And while accurate in the details, the film largely blames the crisis on the fraud and corruption of the big banks, the Securities and Exchange Commission (SEC) and the ratings agencies – thus missing that the crisis was rooted in the fundamental irrationalities of capitalism, and specifically the contradictions of the neoliberal restructuring of the past 30 years. The problem, in other words, is not “corruption” that upset the normally harmonious functioning of capitalism, but rather that crisis is an irresolvable part of capitalism. As the balance of class power shifted toward capital with the neoliberal offensive – which included financial deregulation, the marketization of public services, declining wages and significant structural unemployment – people had to accumulate debt to sustain themselves, borrowing against their homes to maintain consumption levels. As purchasing power fell, banks seeking to sell collateralized debt obligations increasingly had to package riskier loans within the tranches they pawned off as highly rated securities.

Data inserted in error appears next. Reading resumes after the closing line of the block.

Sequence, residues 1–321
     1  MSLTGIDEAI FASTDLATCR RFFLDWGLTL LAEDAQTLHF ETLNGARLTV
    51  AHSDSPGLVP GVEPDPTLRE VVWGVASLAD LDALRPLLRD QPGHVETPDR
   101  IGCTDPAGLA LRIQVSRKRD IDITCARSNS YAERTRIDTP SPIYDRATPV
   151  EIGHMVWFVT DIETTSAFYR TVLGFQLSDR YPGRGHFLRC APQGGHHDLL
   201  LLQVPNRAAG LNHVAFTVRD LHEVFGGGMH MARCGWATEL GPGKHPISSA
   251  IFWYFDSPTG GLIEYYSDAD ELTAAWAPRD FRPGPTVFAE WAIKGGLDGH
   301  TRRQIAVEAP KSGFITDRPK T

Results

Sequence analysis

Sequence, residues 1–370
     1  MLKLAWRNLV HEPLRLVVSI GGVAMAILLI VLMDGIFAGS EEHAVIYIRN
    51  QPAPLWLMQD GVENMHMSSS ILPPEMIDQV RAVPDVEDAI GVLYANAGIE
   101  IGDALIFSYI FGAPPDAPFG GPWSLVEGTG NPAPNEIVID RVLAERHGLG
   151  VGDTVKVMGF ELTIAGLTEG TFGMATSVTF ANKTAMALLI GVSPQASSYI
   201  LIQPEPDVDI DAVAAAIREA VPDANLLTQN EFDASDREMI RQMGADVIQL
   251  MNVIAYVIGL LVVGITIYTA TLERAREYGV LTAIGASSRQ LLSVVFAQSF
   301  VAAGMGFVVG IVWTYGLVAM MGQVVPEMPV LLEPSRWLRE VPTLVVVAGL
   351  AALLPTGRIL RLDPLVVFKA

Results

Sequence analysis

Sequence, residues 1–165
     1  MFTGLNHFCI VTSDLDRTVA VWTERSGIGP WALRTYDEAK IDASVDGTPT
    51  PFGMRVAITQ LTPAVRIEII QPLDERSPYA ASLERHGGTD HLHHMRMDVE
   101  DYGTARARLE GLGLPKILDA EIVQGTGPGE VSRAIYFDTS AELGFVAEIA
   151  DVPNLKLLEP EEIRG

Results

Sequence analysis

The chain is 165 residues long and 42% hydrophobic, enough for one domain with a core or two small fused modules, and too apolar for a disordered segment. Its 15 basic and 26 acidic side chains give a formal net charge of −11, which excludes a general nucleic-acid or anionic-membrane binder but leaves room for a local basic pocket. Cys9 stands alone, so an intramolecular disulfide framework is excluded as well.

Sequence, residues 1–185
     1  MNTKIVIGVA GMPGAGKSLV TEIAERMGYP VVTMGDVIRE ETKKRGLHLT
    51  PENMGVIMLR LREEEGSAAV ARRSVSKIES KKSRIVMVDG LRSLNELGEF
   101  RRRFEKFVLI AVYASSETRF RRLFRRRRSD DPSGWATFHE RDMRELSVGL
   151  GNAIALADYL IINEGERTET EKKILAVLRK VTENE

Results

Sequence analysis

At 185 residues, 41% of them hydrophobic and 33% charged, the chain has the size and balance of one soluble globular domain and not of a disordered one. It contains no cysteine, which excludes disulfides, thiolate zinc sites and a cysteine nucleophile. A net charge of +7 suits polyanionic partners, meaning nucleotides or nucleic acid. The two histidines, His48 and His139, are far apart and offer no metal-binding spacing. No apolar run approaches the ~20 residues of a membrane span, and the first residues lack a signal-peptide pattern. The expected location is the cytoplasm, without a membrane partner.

The true suffering caused by the crisis was visited upon workers and their families, who faced homelessness, poverty, hunger, unemployment, lack of adequate medical care and other such hardships on top of the already immense difficulties that resulted from 45 years of cuts to social welfare programs. Yet these people are totally invisible in the film. Only two working-class homeowners are allowed to speak, one of whom is a stripper clearly taking advantage of the system – having bought five homes with tips – even as it’s clear she was misled about the risks. Nor did any of the protests against Wall Street register in the film at all.
Baum is aware that “immigrants and poor people” will be blamed for the crisis and the same financial structures will be resurrected, yet there seems to be no way to prevent this from happening. It is among the primary tasks of the left to keep alive the idea that another world is possible, and to find creative ways to build isolated moments of popular resistance into a broader political vision – something we obviously should not expect from Hollywood.